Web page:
- The Washington Times - Thursday, September 22, 2005

Pope Benedict XVI will move soon against homosexuality in the Catholic priesthood by issuing a Vatican “instruction” forbidding even celibate homosexuals from entering seminary.

Seen as a response to the sexual-abuse crisis, which has cost the Catholic Church in the United States more than $1 billion in lawsuits, the instruction will be released next month.

“Both the present Holy Father and many Catholic scholars and commentators have realized the sexual-abuse crisis was a sign of something much deeper and more widespread,” said the Rev. Joseph Fessio, editor-in-chief of Ignatius Press in San Francisco, “such as the rejection of Catholic teaching, especially in the area of sexual ethics.”

The document will be issued by the Congregation for Catholic Education, which oversees 113,000 seminarians worldwide, and reports of its imminent release already has caused a furor in Catholic circles.

“No one believed they would do it, but it looks like they’re going to,” said the Rev. Thomas Reese, former editor of the Jesuit magazine America and now a visiting scholar at Santa Clara University. “This policy seems to be saying celibacy is not possible for gay men, therefore we cannot ordain them.”

What’s different about the document, according a Sept. 19 Catholic World News (CWN) article, is the proviso forbidding even celibate homosexuals. It is unclear what will happen to homosexual men currently in seminary.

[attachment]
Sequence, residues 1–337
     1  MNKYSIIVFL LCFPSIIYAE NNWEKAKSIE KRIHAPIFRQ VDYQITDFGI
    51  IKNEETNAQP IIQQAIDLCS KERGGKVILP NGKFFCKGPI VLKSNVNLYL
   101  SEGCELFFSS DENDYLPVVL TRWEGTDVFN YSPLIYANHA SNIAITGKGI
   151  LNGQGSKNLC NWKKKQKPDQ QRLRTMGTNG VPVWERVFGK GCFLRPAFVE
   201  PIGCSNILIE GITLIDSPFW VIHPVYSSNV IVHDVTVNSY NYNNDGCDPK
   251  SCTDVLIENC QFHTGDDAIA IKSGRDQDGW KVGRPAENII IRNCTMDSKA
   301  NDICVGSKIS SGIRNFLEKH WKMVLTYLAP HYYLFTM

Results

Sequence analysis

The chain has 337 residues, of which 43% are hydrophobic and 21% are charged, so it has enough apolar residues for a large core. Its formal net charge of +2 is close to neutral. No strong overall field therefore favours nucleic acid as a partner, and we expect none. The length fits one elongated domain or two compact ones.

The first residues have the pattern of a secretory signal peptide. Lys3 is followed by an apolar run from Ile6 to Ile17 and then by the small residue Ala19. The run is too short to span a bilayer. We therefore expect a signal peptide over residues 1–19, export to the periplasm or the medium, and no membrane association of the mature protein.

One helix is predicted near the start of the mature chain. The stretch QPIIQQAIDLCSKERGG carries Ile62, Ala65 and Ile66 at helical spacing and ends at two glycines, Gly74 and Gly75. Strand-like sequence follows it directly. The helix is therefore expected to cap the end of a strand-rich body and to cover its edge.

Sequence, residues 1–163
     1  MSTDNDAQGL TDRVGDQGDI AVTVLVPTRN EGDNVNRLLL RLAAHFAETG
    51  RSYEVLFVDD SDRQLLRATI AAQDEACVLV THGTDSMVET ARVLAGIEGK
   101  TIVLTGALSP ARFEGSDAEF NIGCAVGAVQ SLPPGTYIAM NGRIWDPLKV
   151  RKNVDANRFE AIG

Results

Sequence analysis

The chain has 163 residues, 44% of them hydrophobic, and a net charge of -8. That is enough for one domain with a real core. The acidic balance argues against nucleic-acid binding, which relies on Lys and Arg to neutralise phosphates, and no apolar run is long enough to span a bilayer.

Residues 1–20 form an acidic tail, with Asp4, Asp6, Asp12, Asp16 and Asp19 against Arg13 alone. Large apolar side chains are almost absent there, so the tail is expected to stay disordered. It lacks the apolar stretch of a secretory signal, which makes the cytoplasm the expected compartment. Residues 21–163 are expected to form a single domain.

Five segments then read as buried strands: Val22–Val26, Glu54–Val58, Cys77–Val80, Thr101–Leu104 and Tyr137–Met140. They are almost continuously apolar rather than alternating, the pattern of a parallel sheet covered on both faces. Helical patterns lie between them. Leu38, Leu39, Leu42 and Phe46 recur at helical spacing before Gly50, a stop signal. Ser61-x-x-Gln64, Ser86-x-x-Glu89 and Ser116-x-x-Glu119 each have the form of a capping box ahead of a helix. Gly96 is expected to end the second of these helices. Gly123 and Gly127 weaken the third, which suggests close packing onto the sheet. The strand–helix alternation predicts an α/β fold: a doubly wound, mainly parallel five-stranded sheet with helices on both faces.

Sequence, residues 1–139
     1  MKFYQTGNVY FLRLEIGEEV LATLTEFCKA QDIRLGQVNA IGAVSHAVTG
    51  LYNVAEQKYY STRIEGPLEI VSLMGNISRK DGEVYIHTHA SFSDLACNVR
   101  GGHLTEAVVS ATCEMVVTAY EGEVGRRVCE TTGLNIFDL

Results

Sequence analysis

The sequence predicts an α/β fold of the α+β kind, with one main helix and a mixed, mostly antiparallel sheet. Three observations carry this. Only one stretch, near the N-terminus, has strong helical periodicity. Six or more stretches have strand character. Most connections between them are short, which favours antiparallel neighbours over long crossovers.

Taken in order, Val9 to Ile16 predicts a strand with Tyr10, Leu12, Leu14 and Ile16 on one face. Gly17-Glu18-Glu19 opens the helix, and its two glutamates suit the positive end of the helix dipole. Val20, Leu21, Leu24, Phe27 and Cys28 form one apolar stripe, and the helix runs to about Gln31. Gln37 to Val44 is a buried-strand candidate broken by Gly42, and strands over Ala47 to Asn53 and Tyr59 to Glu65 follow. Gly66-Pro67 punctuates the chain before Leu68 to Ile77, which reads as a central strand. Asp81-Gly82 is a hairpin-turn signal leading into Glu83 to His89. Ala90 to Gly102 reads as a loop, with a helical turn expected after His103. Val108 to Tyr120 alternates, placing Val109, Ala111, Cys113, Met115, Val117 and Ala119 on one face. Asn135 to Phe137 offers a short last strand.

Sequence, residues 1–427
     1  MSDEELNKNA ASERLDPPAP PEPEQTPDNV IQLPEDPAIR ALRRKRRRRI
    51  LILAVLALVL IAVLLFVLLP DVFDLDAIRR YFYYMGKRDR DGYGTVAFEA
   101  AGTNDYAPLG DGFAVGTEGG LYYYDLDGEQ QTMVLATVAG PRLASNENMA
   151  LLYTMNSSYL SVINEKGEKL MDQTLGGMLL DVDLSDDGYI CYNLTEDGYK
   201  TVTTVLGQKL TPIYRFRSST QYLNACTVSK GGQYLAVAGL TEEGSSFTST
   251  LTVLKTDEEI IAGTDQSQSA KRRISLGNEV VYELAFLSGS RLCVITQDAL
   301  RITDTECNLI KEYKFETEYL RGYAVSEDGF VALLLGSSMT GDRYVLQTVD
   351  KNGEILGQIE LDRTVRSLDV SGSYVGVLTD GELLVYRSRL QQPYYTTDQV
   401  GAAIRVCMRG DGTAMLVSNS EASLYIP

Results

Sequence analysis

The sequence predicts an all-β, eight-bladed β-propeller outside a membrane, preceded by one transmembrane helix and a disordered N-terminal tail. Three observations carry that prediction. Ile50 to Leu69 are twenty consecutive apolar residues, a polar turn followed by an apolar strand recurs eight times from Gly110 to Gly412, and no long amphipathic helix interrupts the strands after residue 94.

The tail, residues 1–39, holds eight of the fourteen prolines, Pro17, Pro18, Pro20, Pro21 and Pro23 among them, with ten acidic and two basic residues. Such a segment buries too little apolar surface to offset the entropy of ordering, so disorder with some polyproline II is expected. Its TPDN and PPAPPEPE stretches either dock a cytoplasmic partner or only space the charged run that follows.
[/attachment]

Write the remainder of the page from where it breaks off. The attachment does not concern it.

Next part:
“The question is how will they define homosexuality,” said Domenico Bettinelli, editor of Catholic World Report, a sister publication to CWN. “Do they mean people in active homosexual relationships or a guy who’s had one nonstraight thought? Where will they draw the line? That’s the million-dollar question.”

In 1961, Pope John XXIII issued a binding directive to canon law that ruled that ordination “should be barred to those who are afflicted with evil tendencies to homosexuality or pederasty, since for them the common life and the priestly ministry would constitute serious dangers.”

That law was either ignored in some U.S. seminaries during the sexually libertarian 1960s and 1970s or adjusted to allow a middle option of homosexual priests who promised to remain celibate, Father Fessio said.

“There emerged a justification, a whole philosophy saying same-sex attraction is one of God’s gifts,” he said. “That’s what was so insidious. Now in our present culture — which is obsessed with sex — the church must make sure its own ministers are not contaminated by this secularized worldview.”

In 2004, a church fact-finding team issued a report on the clergy sexual-abuse crisis that said 81 percent of the abuse was of boys and young men, prompting the Vatican to decide to revise and update the law.

Monsignor Steven Rohlfs, rector of Mount St. Mary’s Seminary in Emmitsburg, Md., said applicants to the priesthood are asked about their sexuality during mandatory psychological evaluations at the diocesan level.

“It’s been clear since 1961 that [homosexuals] were not to be admitted,” he said. “Obviously that has not been adhered to at some seminaries.”

At seminary, “we don’t ask the question unless there’s a reason to,” he added. “We presume people are heterosexual unless there is a reason to presume otherwise.”

He knows of no homosexuals among the 157 seminarians at St. Mary’s, he added.

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